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Manage episode 219531372 series 1757905
Van Rainer Groh – Aerospace Engineer and Researcher and Rainer Groh – Aerospace Engineer, ontdekt door Player FM en onze gemeenschap - copyright toebehorend aan de uitgever, niet aan Player FM. Audio wordt direct van hun servers gestreamd. Klik de abonneren-knop aan om updates op Player FM te volgen of plak de feed URL op andere podcast apps.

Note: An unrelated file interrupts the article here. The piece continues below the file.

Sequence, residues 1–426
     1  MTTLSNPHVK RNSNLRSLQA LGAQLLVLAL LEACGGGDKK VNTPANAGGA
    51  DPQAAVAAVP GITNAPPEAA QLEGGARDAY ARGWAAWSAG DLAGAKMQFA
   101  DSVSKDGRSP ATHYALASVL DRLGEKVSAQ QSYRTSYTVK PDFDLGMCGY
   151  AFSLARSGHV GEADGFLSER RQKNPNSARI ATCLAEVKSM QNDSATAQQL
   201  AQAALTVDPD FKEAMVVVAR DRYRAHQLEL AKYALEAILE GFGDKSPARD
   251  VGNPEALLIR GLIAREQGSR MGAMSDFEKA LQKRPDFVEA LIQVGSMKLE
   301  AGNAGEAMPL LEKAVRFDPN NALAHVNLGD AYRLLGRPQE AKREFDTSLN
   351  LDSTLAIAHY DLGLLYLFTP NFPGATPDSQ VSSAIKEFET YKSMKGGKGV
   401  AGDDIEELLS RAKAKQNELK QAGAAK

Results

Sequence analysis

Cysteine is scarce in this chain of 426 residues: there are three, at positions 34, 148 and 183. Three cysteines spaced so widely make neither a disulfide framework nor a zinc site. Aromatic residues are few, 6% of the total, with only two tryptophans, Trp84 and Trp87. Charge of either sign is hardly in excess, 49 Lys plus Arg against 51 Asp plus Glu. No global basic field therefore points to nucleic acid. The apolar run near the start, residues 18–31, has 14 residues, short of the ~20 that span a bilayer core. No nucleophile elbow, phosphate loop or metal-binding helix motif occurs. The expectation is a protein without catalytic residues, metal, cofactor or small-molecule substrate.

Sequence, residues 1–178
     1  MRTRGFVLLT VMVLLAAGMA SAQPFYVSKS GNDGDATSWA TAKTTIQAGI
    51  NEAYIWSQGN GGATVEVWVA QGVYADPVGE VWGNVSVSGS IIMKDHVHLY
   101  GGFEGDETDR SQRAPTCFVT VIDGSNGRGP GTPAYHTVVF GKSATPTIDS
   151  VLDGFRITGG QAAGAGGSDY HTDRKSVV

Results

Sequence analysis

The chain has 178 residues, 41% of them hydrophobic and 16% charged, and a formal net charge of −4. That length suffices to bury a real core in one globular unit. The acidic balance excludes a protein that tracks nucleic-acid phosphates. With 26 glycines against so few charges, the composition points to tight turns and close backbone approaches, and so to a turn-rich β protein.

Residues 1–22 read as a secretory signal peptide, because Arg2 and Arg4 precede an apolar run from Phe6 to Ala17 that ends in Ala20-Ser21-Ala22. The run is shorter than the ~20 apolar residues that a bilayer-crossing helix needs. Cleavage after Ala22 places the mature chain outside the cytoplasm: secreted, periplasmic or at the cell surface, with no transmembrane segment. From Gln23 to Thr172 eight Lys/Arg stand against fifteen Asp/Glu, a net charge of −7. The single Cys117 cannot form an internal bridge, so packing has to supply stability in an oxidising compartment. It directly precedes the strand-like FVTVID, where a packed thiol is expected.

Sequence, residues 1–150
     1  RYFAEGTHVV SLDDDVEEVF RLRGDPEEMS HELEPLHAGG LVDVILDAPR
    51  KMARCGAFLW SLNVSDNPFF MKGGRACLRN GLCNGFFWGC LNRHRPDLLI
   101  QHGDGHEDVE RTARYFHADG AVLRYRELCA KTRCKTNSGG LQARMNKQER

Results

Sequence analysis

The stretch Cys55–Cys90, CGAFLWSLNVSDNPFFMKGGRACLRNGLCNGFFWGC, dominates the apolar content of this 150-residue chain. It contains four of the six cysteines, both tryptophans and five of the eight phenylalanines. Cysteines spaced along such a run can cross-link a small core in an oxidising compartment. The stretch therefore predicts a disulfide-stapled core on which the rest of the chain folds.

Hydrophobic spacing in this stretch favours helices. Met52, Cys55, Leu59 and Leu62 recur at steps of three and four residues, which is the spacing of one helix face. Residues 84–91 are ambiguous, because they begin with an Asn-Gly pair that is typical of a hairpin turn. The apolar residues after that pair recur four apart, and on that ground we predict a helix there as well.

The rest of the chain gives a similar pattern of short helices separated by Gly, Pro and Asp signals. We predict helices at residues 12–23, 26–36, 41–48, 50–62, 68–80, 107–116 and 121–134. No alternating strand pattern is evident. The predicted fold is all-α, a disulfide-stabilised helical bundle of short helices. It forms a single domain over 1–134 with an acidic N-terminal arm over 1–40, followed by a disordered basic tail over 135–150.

Today I am speaking to Manuel Schleiffelder, an aerospace engineer based in Vienna, Austria. Manuel has a background in designing and building experimental rockets with the student space team of the Technical University in Vienna, known as the Hound Project. I spoke to Manuel after he returned from a trip to the Black Rock Desert, where the Vienna space team tested their newest two-stage experimental rocket. Manuel has a very broad background in space engineering having worked on projects varying from spacecraft design of lunar landers and systems engineering of rocket propulsion systems, to his newest research project in materials science: metal matrix composites. In a classic rocket engine the exhaust gases have a speed limit of exactly Mach 1 (the speed of sound) at the narrowest portion of the nozzle—the so-called choking condition. Since the speed of sound increases with temperature, hotter combustion means the exhaust gases can be expelled from the rocket at greater velocity. While the speed of sound in air at room temperature is typically around 1200 km/hr (745 mph), the speed of sound in the hot exhaust gases of a rocket can be more than 5 times this value. So even though we want our rocket engine to run as hot as possible, there are obvious practical limitations in terms of the ability of materials to withstand these extreme temperatures. For this reason, most rocket engines use some form of cooling to keep the material temperature within reasonable bounds. Manuel is currently developing metal matrix composite materials (carbon fibres embedded within a metal matrix) that are strong enough to withstand the extreme temperatures without the additional mass and complexity of a cooling system. In this episode, Manuel and I talk about his background in aerospace engineering the rockets that the Vienna student space team are building and testing and the advantages and challenges of developing metal matrix composites for rocket engines. If you enjoy the Aerospace Engineering Podcast you can support it by leaving a review on iTunes or by supporting it directly on Patreon, where patrons of the podcast receive exclusive behind-the-scenes content and special episodes. Thanks a lot for listening! This episode of the Aerospace Engineering Podcast is sponsored by SAMPE North America. SAMPE is a global professional society that has been providing educational opportunities on advanced materials for more than 70 years. SAMPE’s network of engineers is a key facilitator for the advancement of aerospace engineering by enabling information exchange and synergies between aerospace companies. To find out how SAMPE can help you learn more about advanced materials and process visit SAMPE's website, or consider attending one of SAMPE’s conferences, such as CAMX, the largest and most comprehensive composites and advanced materials event for products, solutions, networking, and advanced industry thinking. This episode is also sponsored by StressEbook.com, which is an online hub for you if you are interested in aerospace stress engineering. StressEbook.com provides world-class engineering services and online courses on the stress analysis of aircraft structures, as well as a free ebook and blog. No matter if you’re a junior or senior structural analyst, stressEbook.com provides you with the skills and know-how to become a champion in your workplace. Selected Links from the Episode Manuel's web presence Webpage Twitter Propulsion system schematic Metal matrix composite thruster prototype Vienna Space Team (the Hound Project) Hound Project launch video Detailed analysis of the Black Rock Desert launch